Modified Mediterranean Diet

The direct effects of the Mediterranean diet on healthy life expectancy

“Only five years after adopting the Mediterranean diet, we observe a 35% reduction in cardiovascular risk,” a result which, according to Dr. Martin Juneau, is quite considerable. Reduced risk of breast cancer, improved memory and cognition, as well as a decline in coronary heart disease are also among the many benefits of this diet.

Vegetarian diet: benefits and misconceptions

Chronic diseases, cancers, and cardiovascular diseases: the list of health problems that plant-based diets can help alleviate is long. “There has long been the idea that plant-based proteins are not complete, that they can cause deficiencies… This is absolutely false. It’s the same thing with soy and tofu. The health risks for women associated with phytoestrogens in these foods are unclear. On the contrary, phytoestrogens even prevent the occurrence and recurrence of breast cancer.”

Regression of coronary heart disease and veganism: vegetables strike back

Researcher Dean Ornish, who has dedicated his career to studying the impact of lifestyle habits on the progression of coronary heart disease, has observed the dramatic effects of consuming plant-based foods on arterial obstruction. After 12 months of a vegan diet, combined with moderate physical activity and stress management, arterial blockages decrease and the disease regresses. The results are even better after five years.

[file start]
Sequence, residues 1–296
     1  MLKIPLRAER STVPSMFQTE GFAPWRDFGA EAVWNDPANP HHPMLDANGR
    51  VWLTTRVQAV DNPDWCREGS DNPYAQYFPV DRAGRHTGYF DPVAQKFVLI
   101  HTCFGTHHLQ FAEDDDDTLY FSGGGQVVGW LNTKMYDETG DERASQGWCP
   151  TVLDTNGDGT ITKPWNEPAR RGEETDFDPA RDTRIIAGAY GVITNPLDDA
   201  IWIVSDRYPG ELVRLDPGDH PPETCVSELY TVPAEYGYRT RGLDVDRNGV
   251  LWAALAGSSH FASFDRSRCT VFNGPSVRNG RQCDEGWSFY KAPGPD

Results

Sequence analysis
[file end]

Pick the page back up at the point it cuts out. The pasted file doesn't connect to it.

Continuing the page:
The eating habits of Quebecers: nutritional challenges to be met

According to Dr. Juneau, Quebecers can easily modify their diet to get closer to the Mediterranean or vegetarian diet because their cooking habits are already similar. “We’re light years away from certain food cultures in the United States, where fish is eaten fried and served with French fries on the side. A filet of salmon with olive oil, served with a side salad, is often unimaginable over there.”

The challenges that Quebecers must meet mainly concern the daily intake of whole grains, nuts, and legumes.

“It is particularly difficult to get rid of the idea that legumes are only beans! There are many kinds and, on top of that, they’re a very affordable food choice.”

Faced with strong evidence of the importance of diet on healthy life expectancy, optimism is in order. Our very real power to act begins on our plate. As for the popular expression about apples and doctors, it should be reconsidered since this fruit is in fact of great interest to doctors!

Prevention in cardiovascular health is one of the central pillars of the Institute and its Foundation. By making a donation, you are joining a movement that allows Quebecers to live longer and healthier lives. Thank you for helping us fight against the world’s leading cause of death and for promoting healthy hearts.

Looking for more information? Explore Prevention Watch, a blog created by Dr. Martin Juneau and his collaborators.

visit the Prevention Watch's website